Ex­ten­sion to con­sul­ta­tion pe­riod on strych­nine de­nied

Prairie Post (West Edition) - - Agriculture - BY JAMIE RIEGER

De­spite nu­mer­ous re­quests from var­i­ous agri­cul­tural as­so­ci­a­tions and in­di­vid­u­als to ex­tend the con­sul­ta­tion pe­riod on fed­eral strych­nine re­view, there was no in­tent for to do so on the fi­nal day for sub­mit­ting a re­sponse, An­dre Gagnon, me­dia re­la­tions of­fi­cer for Health Canada said on Sept. 27, the fi­nal day of the con­sul­ta­tion pe­riod.

Don Con­nick, di­rec­tor for District 2 of the Agri­cul­tural Pro­duc­ers As­so­ci­a­tion of Saskatchewan (APAS), farms near Gull Lake and was dis­ap­pointed to hear that the re­quest for an ex­ten­sion on the con­sul­ta­tion was not granted.

"This is very un­for­tu­nate. With har­vest not done by a long shot, peo­ple are very busy. I feel there needs to be a full con­sul­ta­tion by those who are af­fected the most," said Con­nick.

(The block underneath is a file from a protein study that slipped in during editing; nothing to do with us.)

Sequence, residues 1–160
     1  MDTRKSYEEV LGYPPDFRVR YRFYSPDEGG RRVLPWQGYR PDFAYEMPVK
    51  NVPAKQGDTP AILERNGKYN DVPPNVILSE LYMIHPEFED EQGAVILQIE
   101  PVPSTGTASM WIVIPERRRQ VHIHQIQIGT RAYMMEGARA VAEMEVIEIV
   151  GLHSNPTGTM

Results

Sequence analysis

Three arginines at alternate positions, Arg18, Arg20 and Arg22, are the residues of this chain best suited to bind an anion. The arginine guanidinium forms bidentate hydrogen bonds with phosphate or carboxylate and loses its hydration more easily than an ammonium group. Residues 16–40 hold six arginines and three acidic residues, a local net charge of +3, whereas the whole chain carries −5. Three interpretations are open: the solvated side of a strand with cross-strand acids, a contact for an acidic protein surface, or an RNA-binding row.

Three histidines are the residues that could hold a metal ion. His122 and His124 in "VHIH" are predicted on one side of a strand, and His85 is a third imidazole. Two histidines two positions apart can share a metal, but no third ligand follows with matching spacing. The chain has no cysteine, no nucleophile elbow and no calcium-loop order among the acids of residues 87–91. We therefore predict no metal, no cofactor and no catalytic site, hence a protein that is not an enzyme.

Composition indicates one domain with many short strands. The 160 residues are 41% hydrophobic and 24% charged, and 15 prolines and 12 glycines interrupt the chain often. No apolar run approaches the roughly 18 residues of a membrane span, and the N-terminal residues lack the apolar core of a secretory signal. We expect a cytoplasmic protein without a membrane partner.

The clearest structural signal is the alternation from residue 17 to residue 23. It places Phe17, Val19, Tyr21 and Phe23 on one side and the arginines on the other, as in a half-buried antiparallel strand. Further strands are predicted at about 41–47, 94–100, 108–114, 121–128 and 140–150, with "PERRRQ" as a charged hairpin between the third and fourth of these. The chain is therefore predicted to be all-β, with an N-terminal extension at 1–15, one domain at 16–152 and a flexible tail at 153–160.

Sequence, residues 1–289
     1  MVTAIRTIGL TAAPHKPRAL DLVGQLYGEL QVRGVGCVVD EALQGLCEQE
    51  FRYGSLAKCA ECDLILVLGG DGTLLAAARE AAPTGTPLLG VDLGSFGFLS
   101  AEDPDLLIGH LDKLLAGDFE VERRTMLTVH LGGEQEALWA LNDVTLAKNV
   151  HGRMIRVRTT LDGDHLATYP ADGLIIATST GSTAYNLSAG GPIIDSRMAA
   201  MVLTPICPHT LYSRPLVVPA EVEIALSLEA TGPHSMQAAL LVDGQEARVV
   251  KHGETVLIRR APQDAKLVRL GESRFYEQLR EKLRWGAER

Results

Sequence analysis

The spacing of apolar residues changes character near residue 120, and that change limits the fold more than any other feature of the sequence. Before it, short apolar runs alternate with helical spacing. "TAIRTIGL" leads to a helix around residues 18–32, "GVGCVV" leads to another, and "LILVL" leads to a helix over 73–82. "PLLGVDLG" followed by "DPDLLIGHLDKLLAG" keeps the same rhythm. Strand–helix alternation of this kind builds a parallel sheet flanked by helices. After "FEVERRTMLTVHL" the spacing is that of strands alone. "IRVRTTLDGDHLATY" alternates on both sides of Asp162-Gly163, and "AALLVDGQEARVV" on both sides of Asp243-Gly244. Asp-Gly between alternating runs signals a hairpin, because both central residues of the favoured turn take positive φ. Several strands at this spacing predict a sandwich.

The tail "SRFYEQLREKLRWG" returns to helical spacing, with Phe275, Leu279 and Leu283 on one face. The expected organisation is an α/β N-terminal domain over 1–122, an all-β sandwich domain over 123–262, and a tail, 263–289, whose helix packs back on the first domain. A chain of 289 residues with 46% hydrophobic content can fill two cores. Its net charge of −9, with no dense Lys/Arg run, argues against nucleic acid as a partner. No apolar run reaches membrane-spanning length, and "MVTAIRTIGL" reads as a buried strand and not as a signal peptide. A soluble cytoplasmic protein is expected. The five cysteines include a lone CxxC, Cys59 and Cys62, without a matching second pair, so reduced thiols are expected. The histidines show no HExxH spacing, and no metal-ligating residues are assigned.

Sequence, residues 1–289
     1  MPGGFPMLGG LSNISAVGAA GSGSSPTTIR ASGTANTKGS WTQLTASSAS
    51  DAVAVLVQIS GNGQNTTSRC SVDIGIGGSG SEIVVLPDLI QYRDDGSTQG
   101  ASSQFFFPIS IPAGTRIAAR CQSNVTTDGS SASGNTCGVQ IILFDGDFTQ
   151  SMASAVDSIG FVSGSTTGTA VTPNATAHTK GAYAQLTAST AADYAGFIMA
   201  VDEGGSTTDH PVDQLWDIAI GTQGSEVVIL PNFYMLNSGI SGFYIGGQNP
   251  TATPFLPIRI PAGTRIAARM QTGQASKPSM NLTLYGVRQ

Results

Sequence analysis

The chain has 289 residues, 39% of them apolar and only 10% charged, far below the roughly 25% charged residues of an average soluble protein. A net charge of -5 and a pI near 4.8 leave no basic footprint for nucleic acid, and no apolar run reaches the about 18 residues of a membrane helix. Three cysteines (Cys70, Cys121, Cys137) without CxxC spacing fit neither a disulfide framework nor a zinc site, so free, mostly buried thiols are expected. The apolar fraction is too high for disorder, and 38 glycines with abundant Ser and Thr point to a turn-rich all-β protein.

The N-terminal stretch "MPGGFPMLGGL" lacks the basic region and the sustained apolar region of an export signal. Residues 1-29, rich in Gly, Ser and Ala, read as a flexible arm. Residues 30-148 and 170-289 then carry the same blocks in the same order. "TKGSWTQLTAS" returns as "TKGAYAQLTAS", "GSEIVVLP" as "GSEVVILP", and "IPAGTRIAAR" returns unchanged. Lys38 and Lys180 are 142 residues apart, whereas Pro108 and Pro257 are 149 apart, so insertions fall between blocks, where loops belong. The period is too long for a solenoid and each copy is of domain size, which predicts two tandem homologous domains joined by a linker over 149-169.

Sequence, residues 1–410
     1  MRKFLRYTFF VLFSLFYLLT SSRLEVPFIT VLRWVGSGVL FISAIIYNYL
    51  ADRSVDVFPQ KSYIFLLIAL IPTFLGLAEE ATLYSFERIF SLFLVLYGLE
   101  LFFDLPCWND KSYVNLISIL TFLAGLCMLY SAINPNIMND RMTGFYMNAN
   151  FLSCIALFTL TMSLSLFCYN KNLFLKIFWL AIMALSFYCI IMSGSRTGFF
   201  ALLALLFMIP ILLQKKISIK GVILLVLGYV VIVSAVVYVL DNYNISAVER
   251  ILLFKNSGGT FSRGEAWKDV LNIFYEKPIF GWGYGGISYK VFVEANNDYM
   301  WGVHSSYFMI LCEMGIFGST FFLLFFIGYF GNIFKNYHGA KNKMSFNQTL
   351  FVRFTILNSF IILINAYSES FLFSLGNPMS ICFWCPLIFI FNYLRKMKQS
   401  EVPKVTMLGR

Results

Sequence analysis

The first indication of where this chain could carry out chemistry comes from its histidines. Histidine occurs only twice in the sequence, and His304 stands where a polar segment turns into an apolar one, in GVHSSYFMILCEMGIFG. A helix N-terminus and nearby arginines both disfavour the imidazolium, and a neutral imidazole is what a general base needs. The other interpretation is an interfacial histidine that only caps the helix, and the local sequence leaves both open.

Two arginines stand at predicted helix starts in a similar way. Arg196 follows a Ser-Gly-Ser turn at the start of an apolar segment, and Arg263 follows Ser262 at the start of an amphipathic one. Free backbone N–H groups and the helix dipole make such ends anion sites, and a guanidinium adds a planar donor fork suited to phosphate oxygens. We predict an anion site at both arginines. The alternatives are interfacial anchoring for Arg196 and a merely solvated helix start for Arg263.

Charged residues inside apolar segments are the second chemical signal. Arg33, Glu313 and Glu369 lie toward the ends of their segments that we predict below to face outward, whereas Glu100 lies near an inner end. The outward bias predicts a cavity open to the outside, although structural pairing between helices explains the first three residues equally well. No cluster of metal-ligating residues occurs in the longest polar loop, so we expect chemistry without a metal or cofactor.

APAS is one of a group of Saskatchewan or­ga­ni­za­tions that grouped to­gether early in Septem­ber to urge Health Canada to ex­tend the con­sul­ta­tion pe­riod be­cause many farm­ers are still in the midst of har­vest.

Health Canada reg­is­ters pes­ti­cides af­ter a strin­gent, sci­ence-bases eval­u­a­tion, re-eval­u­ates pes­ti­cides that have been on the mar­ket on a 15-year cy­cle to en­sure the prod­uct meets cur­rent sci­en­tific stan­dards, and pro­motes sus­tain­able pest man­age­ment.